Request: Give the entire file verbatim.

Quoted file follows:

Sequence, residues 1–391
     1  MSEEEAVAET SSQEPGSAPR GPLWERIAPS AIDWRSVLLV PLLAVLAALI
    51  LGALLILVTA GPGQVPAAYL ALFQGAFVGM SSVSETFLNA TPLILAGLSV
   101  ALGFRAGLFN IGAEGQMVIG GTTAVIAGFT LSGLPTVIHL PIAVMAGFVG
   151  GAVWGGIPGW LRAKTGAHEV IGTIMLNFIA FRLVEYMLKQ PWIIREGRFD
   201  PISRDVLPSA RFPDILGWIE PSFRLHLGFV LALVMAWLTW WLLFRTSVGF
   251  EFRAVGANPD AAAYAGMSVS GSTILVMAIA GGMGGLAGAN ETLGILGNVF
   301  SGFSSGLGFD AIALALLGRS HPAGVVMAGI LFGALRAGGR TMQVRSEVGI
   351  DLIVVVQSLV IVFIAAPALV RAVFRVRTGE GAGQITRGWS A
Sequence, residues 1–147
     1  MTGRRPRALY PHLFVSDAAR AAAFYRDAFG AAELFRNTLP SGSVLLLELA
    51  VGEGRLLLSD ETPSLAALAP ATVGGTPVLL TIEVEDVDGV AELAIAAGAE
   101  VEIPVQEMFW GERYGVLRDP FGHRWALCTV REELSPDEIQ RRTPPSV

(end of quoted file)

Sequence, residues 1–391
     1  MSEEEAVAET SSQEPGSAPR GPLWERIAPS AIDWRSVLLV PLLAVLAALI
    51  LGALLILVTA GPGQVPAAYL ALFQGAFVGM SSVSETFLNA TPLILAGLSV
   101  ALGFRAGLFN IGAEGQMVIG GTTAVIAGFT LSGLPTVIHL PIAVMAGFVG
   151  GAVWGGIPGW LRAKTGAHEV IGTIMLNFIA FRLVEYMLKQ PWIIREGRFD
   201  PISRDVLPSA RFPDILGWIE PSFRLHLGFV LALVMAWLTW WLLFRTSVGF
   251  EFRAVGANPD AAAYAGMSVS GSTILVMAIA GGMGGLAGAN ETLGILGNVF
   301  SGFSSGLGFD AIALALLGRS HPAGVVMAGI LFGALRAGGR TMQVRSEVGI
   351  DLIVVVQSLV IVFIAAPALV RAVFRVRTGE GAGQITRGWS A
Sequence, residues 1–147
     1  MTGRRPRALY PHLFVSDAAR AAAFYRDAFG AAELFRNTLP SGSVLLLELA
    51  VGEGRLLLSD ETPSLAALAP ATVGGTPVLL TIEVEDVDGV AELAIAAGAE
   101  VEIPVQEMFW GERYGVLRDP FGHRWALCTV REELSPDEIQ RRTPPSV